This is close to a lie. Private charities can discriminate as it chooses but if the charity operates as a contractor for the government then it must adhere to the rules that are set by government for all contractors.

Justin Katz
10 years ago

I wonder, Phil: Did you sit around all day trying to figure out how to spark a response? So now the infanticide-supporting commenter who thinks that allowing religious believers to behave in public as if their faith might actually be true is tantamount to theocracy is calling me a close-to liar.
Look at Catholic Charities in MA, with adoption. Look around the country at religious groups that have tried to limit the use of their property or services. Anything that requires a license or permit will be subjected to discrimination lawsuits and government sanction.

Phil
Phil
10 years ago

Justin
Catholic Charities in Mass ended it’s adoption work in 2006 rather than comply with Mass law recognizing gay parents right to adopt children. Catholic Charities were acting as a contractor for the State at the time. The Mormon Church operates in Mass too but privately with no interference from the State.
Thanks for the “infanticide-supporting commenter” description however mistaken. At least you didn’t use “baby-killer”. You know it’s too bad that any chance for discussion gets stopped by such phrases. But I’m convinced that you are sincere. BobN answered the question I had put to you. He apparently favors having the enforcement arm of the government deal out punishment for the women who feel differently from the two of you.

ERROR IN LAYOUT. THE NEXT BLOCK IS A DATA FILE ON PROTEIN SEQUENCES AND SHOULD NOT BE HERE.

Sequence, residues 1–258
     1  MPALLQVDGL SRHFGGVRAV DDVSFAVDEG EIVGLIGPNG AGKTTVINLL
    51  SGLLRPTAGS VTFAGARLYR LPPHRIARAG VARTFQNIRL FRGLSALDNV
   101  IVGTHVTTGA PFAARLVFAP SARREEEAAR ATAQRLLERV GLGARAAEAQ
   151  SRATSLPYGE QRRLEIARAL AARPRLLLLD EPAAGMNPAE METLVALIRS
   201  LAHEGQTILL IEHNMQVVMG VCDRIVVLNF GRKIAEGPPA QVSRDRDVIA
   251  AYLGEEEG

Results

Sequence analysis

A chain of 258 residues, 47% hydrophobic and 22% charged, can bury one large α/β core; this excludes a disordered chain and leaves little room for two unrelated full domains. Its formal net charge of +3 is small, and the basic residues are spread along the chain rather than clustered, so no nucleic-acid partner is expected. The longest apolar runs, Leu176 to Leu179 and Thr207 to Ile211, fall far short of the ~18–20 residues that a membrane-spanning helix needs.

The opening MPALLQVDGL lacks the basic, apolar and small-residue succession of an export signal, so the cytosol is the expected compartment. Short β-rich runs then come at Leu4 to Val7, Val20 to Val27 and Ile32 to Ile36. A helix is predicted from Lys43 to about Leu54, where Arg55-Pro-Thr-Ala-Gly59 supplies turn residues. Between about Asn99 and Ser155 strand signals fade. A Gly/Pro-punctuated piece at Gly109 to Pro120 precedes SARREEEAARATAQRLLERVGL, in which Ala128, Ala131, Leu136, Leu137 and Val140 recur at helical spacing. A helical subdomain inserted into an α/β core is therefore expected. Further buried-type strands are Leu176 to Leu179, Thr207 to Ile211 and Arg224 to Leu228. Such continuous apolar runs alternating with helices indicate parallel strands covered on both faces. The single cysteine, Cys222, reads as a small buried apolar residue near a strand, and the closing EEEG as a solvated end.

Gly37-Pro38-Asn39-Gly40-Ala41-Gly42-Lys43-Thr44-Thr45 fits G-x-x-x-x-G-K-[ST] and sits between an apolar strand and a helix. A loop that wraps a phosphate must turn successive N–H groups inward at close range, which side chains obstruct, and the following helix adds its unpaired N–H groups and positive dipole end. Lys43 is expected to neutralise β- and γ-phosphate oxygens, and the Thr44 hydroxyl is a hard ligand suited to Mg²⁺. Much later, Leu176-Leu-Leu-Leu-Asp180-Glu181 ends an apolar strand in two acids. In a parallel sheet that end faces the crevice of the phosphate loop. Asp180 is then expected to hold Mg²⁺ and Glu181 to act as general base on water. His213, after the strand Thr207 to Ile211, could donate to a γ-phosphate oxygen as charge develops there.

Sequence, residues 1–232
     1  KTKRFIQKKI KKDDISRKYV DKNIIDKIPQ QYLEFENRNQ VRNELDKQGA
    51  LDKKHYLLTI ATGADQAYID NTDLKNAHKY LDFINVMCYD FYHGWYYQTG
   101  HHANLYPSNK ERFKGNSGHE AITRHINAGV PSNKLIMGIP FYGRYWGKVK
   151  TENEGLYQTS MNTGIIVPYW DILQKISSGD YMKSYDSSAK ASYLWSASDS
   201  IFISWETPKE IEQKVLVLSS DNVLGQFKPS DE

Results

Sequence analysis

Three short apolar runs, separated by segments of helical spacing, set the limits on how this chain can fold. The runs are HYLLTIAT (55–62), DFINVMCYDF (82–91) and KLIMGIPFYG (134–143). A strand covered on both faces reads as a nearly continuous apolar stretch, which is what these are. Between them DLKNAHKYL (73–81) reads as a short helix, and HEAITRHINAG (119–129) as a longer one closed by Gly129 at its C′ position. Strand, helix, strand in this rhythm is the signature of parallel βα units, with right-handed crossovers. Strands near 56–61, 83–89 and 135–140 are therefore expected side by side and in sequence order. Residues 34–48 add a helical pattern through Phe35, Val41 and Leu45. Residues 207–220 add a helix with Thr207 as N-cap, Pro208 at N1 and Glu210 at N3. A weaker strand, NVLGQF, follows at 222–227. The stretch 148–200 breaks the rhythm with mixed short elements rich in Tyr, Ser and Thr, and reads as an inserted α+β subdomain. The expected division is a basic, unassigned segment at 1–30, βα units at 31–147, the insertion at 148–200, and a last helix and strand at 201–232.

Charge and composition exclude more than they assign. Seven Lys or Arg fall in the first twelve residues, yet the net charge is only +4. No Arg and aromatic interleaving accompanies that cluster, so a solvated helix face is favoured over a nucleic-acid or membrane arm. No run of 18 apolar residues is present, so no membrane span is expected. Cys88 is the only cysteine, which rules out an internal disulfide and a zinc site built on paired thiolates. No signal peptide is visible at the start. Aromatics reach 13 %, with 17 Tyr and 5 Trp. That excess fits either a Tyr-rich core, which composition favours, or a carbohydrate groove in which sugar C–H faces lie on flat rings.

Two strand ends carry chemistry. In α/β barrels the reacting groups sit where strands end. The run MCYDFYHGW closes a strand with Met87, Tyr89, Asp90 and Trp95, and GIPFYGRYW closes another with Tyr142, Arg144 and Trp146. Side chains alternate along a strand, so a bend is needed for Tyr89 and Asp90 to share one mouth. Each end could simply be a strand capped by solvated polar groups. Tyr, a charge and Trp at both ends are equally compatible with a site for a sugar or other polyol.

The close to a lie comment came from reading of the efforts of proponents of Prop 8 in Calif.. The influence of the Mormon Church and dollars that flowed into Calif. from Utah created a media campaign that left truthfulness behind. The lies spread across the State included what you have suggested would be a consequence of gay marriage. Somehow a law giving everyone the same rights would threaten religious freedom. The Mormon Church orchestrated the campaign creating the group that is active in other states the National Organization for Marriage to be the face of the proposition campaign along with evangelicals and the Catholic Church. The Mormons tried to stay in the background knowing the negative effect they would have with the voters. Catholics apparently poll better. By the way I didn’t sit around all day trying to figure out how to spark a response. But don’t you think it’s odd that you would resent a commenter leaving comments on your blog. What’s the reason for your blog?

Show your support for Anchor Rising with a 25-cent-per-day subscription.